Since the 1988-89 season, the Big Sky Conference has only had five women’s basketball teams finish the year without a conference win.
The last time this happened was during the 2001-02 season when the Sacramento State Hornets went 0-14 in Big Sky Conference play. Last week, the Weber State women’s basketball team moved closer to becoming the sixth team in Big Sky history without a conference win, as it lost two games to the University of Montana Grizzlies and the Idaho State University Bengals.
Thursday night the struggling Wildcats faced off against the fourth-place Grizzlies in search of their first Big Sky Conference win of the year. UM got off to a quick start, jumping out to an eight-point lead just five minutes into the game.
The Wildcats battled back though, going on an 11-point run while holding the Grizzlies scoreless for almost five minutes. As good as the team looked, WSU faltered, allowing UM to take an 11-point lead heading into halftime.
Coming back from halftime, WSU struggled to make a basket, as it only made three of its first 14 shots in the half.
However, with just over seven minutes left in the half, the Wildcats went on another run, making four of nine shots while the Grizzlies were held to just one out of eight shots. Despite outscoring UM during the second half, WSU could not overcome the lead from halftime, and the Wildcats lost again 62-52.
WSU struggled offensively against the Grizzlies. Junior guard Megan Patterson and senior guard Caela Mohre were the only two players to make half of their shots. They both led the team in scoring with 11 points.
Junior forward Amanda Hughes led the team with six rebounds and contributed eight points while making five of six free throws.
Along with the team’s offensive woes, WSU also had to deal with injuries. Because of this, the Wildcats had three players who played for at least 35 minutes of the 40 minute game.
Mohre plaid every minute of the game. After the game, Head Coach Bethann Ord gave Mohre credit for her performance in the game, saying, “Caela did a great job defensively. She really worked hard and didn’t get a break.”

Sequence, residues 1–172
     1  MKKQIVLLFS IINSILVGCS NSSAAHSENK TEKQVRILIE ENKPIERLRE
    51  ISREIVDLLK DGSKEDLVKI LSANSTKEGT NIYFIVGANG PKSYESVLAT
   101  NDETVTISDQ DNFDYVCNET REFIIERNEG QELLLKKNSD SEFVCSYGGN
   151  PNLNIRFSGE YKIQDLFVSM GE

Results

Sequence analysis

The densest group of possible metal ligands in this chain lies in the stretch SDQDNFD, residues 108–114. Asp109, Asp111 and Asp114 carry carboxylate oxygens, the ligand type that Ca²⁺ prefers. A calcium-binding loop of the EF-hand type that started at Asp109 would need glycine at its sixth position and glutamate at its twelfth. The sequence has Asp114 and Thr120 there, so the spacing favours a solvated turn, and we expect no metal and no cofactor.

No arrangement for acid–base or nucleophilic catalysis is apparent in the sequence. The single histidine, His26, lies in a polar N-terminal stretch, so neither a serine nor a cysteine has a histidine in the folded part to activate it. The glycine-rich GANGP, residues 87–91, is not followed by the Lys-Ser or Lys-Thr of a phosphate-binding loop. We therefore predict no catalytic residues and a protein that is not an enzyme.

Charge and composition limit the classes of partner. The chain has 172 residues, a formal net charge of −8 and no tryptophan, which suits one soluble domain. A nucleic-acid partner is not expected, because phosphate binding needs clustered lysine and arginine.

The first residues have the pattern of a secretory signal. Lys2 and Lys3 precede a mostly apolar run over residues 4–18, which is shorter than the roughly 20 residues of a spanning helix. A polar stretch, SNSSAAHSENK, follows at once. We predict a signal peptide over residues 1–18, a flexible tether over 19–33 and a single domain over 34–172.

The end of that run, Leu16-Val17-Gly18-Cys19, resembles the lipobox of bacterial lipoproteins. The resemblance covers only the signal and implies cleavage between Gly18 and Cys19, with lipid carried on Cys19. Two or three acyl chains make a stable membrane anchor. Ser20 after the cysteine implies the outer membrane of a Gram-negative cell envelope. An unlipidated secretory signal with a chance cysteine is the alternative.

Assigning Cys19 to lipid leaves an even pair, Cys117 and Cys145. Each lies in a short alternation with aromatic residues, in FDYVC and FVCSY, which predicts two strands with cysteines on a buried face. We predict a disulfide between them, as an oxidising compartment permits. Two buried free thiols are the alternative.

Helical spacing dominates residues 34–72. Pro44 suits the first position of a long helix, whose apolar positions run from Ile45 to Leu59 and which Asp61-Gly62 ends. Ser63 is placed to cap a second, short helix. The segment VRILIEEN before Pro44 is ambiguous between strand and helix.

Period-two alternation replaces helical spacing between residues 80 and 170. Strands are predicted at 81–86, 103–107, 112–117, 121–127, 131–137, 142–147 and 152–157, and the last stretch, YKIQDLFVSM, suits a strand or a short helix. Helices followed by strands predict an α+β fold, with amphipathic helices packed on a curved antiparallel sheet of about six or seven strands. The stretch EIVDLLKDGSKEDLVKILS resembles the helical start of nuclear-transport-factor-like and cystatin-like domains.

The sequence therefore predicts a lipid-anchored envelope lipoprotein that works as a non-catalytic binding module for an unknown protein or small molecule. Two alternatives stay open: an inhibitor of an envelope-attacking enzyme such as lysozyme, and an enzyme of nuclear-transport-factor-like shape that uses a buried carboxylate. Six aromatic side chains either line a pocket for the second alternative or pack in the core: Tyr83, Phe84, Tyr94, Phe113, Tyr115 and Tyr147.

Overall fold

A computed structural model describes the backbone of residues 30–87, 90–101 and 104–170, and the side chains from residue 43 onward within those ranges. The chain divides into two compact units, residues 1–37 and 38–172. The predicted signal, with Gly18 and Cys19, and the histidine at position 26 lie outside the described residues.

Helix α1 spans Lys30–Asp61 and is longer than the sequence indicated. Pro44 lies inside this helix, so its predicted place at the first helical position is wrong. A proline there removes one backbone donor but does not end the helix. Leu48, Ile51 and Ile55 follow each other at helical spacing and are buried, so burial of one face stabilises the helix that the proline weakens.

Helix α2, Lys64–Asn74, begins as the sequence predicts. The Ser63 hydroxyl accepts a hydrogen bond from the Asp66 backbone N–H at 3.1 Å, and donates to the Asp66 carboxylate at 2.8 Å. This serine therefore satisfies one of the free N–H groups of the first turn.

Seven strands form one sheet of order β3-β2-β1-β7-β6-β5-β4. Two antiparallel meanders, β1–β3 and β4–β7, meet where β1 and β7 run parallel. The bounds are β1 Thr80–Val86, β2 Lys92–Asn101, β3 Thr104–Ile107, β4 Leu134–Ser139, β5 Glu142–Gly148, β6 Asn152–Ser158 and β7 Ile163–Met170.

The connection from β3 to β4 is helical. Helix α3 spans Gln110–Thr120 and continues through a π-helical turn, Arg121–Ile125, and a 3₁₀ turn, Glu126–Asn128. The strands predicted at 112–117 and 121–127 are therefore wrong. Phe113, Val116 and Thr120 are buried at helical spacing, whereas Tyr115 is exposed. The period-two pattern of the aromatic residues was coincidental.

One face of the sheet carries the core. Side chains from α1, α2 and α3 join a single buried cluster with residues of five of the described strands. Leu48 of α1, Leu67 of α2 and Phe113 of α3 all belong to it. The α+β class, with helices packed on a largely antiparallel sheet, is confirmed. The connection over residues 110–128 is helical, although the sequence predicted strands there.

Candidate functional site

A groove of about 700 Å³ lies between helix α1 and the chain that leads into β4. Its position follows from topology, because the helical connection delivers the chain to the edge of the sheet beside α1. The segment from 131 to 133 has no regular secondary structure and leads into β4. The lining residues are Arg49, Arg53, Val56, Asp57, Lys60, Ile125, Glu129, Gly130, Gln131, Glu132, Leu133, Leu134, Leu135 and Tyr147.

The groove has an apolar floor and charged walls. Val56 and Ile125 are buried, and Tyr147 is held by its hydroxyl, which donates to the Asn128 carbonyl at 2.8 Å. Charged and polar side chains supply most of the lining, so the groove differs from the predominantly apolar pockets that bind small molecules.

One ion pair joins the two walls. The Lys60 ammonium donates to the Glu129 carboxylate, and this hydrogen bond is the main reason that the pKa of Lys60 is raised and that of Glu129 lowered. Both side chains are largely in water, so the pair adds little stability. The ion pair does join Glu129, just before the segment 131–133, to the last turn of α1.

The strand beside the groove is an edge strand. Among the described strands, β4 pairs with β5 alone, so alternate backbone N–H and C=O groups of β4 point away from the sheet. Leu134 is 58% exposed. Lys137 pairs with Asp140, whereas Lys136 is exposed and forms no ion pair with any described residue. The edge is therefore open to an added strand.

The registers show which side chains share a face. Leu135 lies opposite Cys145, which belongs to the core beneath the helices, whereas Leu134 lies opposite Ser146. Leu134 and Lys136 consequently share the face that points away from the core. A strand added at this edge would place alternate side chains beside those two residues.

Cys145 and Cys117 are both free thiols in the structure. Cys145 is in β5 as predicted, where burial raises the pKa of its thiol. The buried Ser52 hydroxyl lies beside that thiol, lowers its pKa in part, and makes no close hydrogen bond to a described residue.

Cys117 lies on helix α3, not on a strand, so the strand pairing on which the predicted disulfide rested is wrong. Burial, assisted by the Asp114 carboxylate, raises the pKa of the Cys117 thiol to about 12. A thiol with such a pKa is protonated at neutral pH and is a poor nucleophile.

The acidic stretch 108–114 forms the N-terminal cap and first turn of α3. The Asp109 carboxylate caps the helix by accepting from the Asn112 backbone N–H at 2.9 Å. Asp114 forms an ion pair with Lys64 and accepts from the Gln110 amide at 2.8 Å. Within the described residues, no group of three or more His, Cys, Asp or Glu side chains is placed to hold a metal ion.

Ord said that it has been difficult for her to rest her starters. She also said that she has essentially only had half of her team in practice because she has to hold players out to rest.Despite that, she remains positive.
“As long as the team sticks together, it’ll be OK,” Ord said.
Mohre also spoke about the team’s injuries, saying that they have put a damper on the team’s outcome for the season.
“We have six solid players right now,” Mohre said. “So we gotta play with what we have.”
The Wildcats traveled to Pocatello, Idaho, on Saturday to match up against the ISU Bengals. WSU scored the first points of the game off of a 3-pointer from Patterson but were only able to score two more points over the next 12 minutes.
Over the final five minutes of the half, WSU chipped away at ISU’s lead but was unable to get within 10 points of ISU. Going into halftime, the Bengals led 31-18.
With the start of the second half, ISU continued to maintain a double-digit lead. Five minutes in, WSU managed to get within eight points after sophomore guard Jordan Pfau hit two free throws, but ISU went on another run that put the Wildcats in a 17-point hole.
WSU managed to get within eight points of ISU twice more. but were unable to get any closer. WSU lost its 17th consecutive game, 65-53.
Hughes fell just short of her ninth double-double of the season, scoring six points while making 10 rebounds.
Hughes said said that the team just needs to go hard in practice and make sure that everyone is prepared for the final two games.
The Wildcats next game will be Saturday afternoon, when they host the University of Northern Colorado Bears in what will be WSU’s second to last game of the season.
The following week, WSU will host the Montana State University Bobcats. Despite the rough season and mounting injuries, Mohre remained positive when looking toward the final two games of the season.
“I definitely think we can win against both of these teams in the next games,” Mohre said. “We just have to execute. If we can do the little things, we’ll be successful.”